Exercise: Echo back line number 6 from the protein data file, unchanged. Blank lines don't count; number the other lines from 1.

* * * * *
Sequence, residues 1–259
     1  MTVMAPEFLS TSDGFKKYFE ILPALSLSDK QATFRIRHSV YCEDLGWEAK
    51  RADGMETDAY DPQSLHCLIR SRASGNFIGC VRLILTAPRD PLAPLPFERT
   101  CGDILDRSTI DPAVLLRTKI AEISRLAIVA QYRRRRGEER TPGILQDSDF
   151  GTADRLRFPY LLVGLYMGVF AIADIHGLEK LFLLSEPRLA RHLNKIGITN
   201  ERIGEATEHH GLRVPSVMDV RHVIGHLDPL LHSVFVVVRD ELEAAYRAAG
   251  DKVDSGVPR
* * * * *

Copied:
   201  ERIGEATEHH GLRVPSVMDV RHVIGHLDPL LHSVFVVVRD ELEAAYRAAG